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Change Work April 2014

Don't let me down

Most science fiction on TV and in films is pretty poor.  An exception is Battlestar Galactica which I think is great!  OK, the science part is a bit weak (a lot of inconvenient physics is ignored), but the characters and storytelling are brilliantly done. And there's a scene in season 3 where Admiral Adama is sending the "friendly" Cylon, Sharon, on a critical mission:

SHARON:
Can I ask you something?
How do you know -- how do you really know you can trust me?

ADAMA:
I don't. That's what trust is.
Good hunting.

Even if you're not a fan of BSG (if such people exist!) and even if that line isn't entirely original, it's worth remembering nonetheless.  Trusting always carries the risk of being let down.  If there's no risk, then trust isn't required.

The UK public has had its trust tested in recent years: scandals over MPs expenses, manifesto promises broken and, the biggest let-down of all, the banks gambling away all our money - on top of mis-selling insurance to us!  What was our faith in these institutions based on in the first place?

The message from our leaders - in politics, in industry and in commerce - seems to be, "Trust me, I'm highly paid!"

So why not do without trust?  If it's so risky to rely on others then a sensible person should avoid it and be self-sufficient.  But it's not a calculation - it's emotion.

It's lonely if you think everyone's indifferent to you.  It's stressful if you think they're hostile. The opposite of trust is fear.

A characteristic of a tribe is that its members trust each other - to a sufficient extent.  That way they can work together and achieve far more than they could as individuals.  And we seem to have evolved a preference to live like that.  As members of a tribe we get emotional and physical security in return for taking the chance that we might be stabbed in the back - metaphorically or literally. On balance, we're better off taking the risk.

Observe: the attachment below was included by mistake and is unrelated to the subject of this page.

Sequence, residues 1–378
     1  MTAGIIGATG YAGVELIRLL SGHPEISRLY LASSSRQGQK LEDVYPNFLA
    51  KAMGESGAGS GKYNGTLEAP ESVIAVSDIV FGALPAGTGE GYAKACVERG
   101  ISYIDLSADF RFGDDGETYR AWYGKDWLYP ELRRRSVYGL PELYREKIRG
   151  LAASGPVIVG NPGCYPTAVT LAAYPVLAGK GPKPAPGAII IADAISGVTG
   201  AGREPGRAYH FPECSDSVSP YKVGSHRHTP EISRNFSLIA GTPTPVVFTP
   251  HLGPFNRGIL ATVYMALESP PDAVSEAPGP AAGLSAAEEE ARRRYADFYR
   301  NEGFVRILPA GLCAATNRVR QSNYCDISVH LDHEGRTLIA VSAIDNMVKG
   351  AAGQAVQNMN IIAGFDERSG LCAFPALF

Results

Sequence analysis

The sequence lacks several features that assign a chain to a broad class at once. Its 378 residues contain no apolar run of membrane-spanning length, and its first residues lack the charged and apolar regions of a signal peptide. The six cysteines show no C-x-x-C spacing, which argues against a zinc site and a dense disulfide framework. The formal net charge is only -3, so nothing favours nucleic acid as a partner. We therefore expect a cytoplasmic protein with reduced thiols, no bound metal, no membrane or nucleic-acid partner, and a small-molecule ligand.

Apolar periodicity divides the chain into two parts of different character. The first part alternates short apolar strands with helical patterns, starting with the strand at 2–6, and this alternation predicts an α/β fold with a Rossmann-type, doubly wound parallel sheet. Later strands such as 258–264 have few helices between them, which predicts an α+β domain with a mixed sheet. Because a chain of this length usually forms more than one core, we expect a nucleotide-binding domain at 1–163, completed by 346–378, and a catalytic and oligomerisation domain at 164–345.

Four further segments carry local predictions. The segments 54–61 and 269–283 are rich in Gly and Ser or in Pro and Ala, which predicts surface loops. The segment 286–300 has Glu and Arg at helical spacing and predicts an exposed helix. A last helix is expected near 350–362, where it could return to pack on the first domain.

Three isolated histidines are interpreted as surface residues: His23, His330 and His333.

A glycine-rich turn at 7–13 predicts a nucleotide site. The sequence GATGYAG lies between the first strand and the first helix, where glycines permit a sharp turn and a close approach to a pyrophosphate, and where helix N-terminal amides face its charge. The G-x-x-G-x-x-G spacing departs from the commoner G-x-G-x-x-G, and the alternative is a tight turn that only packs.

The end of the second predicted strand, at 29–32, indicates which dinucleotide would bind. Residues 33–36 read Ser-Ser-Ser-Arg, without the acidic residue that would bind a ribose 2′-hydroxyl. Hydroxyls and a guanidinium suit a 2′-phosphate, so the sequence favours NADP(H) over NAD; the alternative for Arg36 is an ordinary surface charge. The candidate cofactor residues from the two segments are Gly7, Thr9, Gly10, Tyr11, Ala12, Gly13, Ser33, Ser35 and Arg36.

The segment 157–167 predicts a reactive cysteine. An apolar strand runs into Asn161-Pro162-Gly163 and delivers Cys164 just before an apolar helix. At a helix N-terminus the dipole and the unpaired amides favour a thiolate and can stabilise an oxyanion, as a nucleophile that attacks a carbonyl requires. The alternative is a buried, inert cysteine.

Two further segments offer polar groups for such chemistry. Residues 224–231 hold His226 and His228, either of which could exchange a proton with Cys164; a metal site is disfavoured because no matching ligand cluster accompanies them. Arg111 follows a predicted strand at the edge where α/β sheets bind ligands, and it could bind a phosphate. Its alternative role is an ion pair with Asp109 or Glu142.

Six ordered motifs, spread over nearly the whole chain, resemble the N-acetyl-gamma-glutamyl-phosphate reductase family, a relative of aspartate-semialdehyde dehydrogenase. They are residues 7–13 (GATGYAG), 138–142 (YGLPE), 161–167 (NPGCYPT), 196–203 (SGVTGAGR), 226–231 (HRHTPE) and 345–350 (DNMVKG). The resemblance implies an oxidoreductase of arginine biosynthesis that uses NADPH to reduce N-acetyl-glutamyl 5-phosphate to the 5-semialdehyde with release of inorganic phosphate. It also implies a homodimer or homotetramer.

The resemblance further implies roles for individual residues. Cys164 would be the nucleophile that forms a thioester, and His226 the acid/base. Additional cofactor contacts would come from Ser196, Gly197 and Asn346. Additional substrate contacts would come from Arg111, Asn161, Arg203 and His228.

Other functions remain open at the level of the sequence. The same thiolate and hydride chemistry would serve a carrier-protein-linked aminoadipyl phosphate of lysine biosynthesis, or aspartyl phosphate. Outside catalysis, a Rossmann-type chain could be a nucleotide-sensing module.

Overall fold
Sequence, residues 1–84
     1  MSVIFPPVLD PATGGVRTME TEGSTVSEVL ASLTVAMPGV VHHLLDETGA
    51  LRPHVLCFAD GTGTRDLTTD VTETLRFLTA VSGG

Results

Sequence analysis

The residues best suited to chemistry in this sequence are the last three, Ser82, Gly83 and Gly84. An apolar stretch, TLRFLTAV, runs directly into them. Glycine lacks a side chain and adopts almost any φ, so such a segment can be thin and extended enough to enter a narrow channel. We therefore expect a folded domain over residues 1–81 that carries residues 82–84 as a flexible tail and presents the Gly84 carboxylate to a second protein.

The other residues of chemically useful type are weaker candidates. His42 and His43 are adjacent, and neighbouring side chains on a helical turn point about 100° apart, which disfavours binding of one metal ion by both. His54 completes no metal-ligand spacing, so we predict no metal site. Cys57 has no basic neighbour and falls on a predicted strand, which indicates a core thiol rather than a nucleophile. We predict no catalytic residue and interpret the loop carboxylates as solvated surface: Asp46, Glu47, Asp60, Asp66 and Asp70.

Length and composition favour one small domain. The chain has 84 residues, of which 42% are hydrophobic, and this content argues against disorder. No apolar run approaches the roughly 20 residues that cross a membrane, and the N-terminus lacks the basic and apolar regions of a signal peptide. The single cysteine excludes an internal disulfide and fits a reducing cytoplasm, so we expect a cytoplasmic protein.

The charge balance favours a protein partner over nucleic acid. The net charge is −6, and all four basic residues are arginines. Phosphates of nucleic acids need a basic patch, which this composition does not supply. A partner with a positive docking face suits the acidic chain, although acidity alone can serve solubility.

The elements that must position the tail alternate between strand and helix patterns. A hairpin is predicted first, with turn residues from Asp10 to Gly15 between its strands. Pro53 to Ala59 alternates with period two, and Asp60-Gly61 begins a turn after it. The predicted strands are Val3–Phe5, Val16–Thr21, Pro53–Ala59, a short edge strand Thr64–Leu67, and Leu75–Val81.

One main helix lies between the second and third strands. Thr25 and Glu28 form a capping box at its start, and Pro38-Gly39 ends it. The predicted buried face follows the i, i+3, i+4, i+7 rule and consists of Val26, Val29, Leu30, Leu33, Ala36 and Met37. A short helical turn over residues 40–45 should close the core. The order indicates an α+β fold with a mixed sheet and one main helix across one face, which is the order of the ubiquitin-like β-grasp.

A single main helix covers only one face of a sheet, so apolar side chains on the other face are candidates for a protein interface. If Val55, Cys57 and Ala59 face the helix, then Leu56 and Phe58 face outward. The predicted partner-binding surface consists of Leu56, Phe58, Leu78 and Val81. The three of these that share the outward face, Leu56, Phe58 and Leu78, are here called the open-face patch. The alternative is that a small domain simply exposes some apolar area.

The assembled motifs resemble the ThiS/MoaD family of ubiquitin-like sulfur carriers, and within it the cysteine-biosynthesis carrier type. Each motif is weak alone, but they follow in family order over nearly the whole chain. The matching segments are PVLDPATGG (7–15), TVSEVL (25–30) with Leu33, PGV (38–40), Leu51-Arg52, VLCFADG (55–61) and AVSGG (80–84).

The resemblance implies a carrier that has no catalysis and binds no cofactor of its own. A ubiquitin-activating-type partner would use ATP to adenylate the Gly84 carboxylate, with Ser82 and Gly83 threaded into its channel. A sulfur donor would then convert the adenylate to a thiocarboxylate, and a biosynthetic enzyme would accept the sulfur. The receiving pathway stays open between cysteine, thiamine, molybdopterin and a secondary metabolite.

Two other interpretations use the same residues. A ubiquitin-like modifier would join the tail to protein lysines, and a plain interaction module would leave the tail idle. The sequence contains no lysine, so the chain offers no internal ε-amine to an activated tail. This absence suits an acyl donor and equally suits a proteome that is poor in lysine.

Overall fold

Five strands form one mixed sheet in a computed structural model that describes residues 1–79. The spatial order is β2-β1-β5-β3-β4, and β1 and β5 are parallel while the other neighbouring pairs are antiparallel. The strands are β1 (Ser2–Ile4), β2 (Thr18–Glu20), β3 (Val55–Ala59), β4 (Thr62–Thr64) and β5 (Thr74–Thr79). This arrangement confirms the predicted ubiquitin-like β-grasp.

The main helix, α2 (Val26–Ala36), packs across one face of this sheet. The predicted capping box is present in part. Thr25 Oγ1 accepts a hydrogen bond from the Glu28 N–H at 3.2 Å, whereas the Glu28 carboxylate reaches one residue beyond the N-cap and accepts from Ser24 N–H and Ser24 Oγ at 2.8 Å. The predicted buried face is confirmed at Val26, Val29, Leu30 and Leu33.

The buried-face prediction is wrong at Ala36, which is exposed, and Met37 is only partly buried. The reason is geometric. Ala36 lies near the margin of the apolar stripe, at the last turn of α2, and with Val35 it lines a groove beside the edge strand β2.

But we don't make our everyday judgements "on balance" - and we certainly don't consider whole populations thriving or declining over evolutionary time.  We judge things on what we want and how we feel right now. And we usually base our choices on our values.

Most people I've asked (and I've asked quite a few) put "trust" high in their list of "what's important to them".  But values are qualified by the beliefs that become associated with them.  So, you might believe that it makes you a better person to always expect the best of others.  Or, you might think, "If you betray me once I can never trust you again."  Then, even though the underlying value is the same, these beliefs lead to very different behaviours.

I once had a client whose partner had let her down in a way that she couldn't forgive or live with.  It wasn't such a bad thing that most people in her situation would have immediately walked out - but it wasn't consistent with the perfect relationship she wanted.  She also had very low self-esteem which may have increased her feelings of vulnerability and so made it harder to trust again.  Whatever the reasons, she believed that the betrayal could never be atoned for.  It was a double bind that she'd created for herself.

Our personal lives are full of situations like this where we are emotionally committed and therefore easily hurt.  But emotion is also a major factor in your working life, as well as in the way you engage with broader society.  You have to accept that your leaders can't always act entirely in your best interests - there are conflicting demands to be reconciled.  But you need to feel that you've been fairly treated, that your interests have been understood and taken into account in reaching a compromise.  And that's an emotional need.  Without it you'll withdraw your trust.

Families, businesses, even whole societies just won't work without trust.